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Subjective Beliefs and Schooling Decisions

  • Belzil, Christian


    (Ecole Polytechnique, Paris)

This paper considers the estimation of sequential schooling decisions made by agents who are endowed with subjective beliefs about their own ability. I use unique Italian panel data which provide information on i) the curvature of the per-period utility function, ii) schooling decisions, iii) post-schooling earnings, in order to estimate the future component of the differences in intertemporal utilities of school and work independently from the present component, (as in Geweke and Keane, 1995, 2001), and evaluate the importance of “present bias”. Under certain conditions, which include imposing equality between the modal belief and true ability, I recover individual specific subjective probability distributions. I estimate both the degree of confidence (a measure of spread) and the incidence of over (and under) estimation. I find that the future component of intertemporal utilities dominates schooling decisions. I find a strong incidence of under-estimation among the more able and a much smaller incidence of over-estimation among the low ability group. At the medium ability spectrum, there is evidence of some over-estimation. The degree of confidence is high and implies that agents have a substantial amount of inside information (36% of the population act on a degenerate subjective distribution). Overall, the variance of the objective ability heterogeneity distribution is 4 times as large the variance of the distribution characterizing subjective beliefs.

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Paper provided by Institute for the Study of Labor (IZA) in its series IZA Discussion Papers with number 2820.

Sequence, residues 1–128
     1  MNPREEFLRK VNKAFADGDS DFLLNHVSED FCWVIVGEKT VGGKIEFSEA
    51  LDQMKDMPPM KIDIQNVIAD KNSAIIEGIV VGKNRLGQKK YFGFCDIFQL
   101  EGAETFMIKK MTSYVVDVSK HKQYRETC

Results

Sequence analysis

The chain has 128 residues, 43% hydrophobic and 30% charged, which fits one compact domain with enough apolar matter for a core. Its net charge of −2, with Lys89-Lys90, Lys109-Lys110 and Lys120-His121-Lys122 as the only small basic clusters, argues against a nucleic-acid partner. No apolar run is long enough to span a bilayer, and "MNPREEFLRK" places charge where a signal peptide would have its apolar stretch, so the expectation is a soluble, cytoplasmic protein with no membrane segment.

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Length: 47 pages
Date of creation: May 2007
Date of revision:
Handle: RePEc:iza:izadps:dp2820
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  1. Flavio Cunha & James J. Heckman & Salvador Navarro, 2005. "Separating Uncertainty from Heterogeneity in Life Cycle Earnings," NBER Working Papers 11024, National Bureau of Economic Research, Inc.
  2. James J. Heckman & Salvador Navarro, 2005. "Dynamic Discrete Choice and Dynamic Treatment Effects," NBER Technical Working Papers 0316, National Bureau of Economic Research, Inc.
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  5. Christian Gollier, 2004. "The Economics of Risk and Time," MIT Press Books, The MIT Press, edition 1, volume 1, number 0262572249, December.
  6. Christian Belzil & Jörgen Hansen, 2004. "A Structural Analysis of the Correlated Random Coefficient Wage Regression Model," Working Papers 0405, Groupe d'Analyse et de Théorie Economique (GATE), Centre national de la recherche scientifique (CNRS), Université Lyon 2, Ecole Normale Supérieure.
  7. Flavio Cunha & James J. Heckman, 2006. "A New Framework for the Analysis of Inequality," NBER Working Papers 12505, National Bureau of Economic Research, Inc.
  8. Belzil, Christian & Leonardi, Marco, 2007. "Risk Aversion and Schooling Decisions," IZA Discussion Papers 2994, Institute for the Study of Labor (IZA).
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  16. Michael P. Keane & Kenneth I. Wolpin, 1995. "The career decisions of young men," Working Papers 559, Federal Reserve Bank of Minneapolis.
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